I analogize this to the situation when one is Married to the Truth, or married to Jesus.

    Or both…

  56. #56 Kevin Whitefoot
    March 28, 2007

    >Molly, NYC | March 28, 2007 10:14 AM
    >Offhand, have y’all ever heard of any evolution-deniers
    >who weren’t particularly religious?
    Yes. I won’t name the person because he is someone for whom I have, excepting this one lacuna, the greatest respect.

    I suspect that he is simply one of many who simply don’t believe it.

    I don’t think that only the religious right and creationist fundamentalists have trouble with evolution, they just make a lot more noise; perhaps because for them it is also a moral argument.

  57. #57 paul
    March 28, 2007

    >At least in the section quoted, “DNA structures” isn’t >defined.
    >
    >Given the tendency of creationists to use vague nontechnical >language and to redefine terms as they see fit, I suspect >that if challenged McEwen would claim that by “DNA >structures” he didn’t mean individual genes but chromosomes.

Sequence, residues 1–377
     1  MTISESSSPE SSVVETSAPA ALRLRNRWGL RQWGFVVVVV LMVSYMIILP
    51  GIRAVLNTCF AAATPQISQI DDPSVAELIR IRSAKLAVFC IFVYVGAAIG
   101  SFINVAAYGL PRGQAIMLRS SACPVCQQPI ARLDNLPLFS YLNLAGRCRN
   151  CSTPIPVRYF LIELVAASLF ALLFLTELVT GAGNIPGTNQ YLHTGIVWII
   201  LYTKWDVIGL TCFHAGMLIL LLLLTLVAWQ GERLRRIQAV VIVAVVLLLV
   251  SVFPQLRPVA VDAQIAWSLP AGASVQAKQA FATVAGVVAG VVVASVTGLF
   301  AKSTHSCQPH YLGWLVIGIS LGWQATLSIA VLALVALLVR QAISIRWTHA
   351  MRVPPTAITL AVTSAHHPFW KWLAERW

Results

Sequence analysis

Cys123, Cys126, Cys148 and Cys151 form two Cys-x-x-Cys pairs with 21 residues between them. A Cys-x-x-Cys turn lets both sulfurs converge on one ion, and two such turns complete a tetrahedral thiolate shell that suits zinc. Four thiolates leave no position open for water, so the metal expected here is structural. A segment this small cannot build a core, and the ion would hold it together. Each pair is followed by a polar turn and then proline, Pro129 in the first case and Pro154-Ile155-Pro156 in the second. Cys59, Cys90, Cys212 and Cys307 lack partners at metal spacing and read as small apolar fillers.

If he argues chromosomes, throw the Muntjac deer at him.

  58. #58 Bill
    March 28, 2007

    Maybe Rob McEwen has been quietly pulled to the side by Creation scientists by now, and has had it explained to him that he has misunderstood the argument. As the argument is:
    NEW genetic information that would be needed to allow the build up of new complex organs has never been observed!
    Information is not a property of matter; it just uses matter as transport to get around. You can tell someone you love them (which is information)…By letter, over the phone, through the computer, in big words in the sky, or by Morse code if the other person knows it. But none of those mediums ARE information. Information is from intellect.
    Biological systems contain information. They are not information; neither did they evolve it through material or natural mechanisms. Information is a property of intellect (thought), and therefore needs intellect to bring it into being. And information needs to be present at the VERY beginning of life…& the universe (Or we would still be a homogenous gas expending in the universe)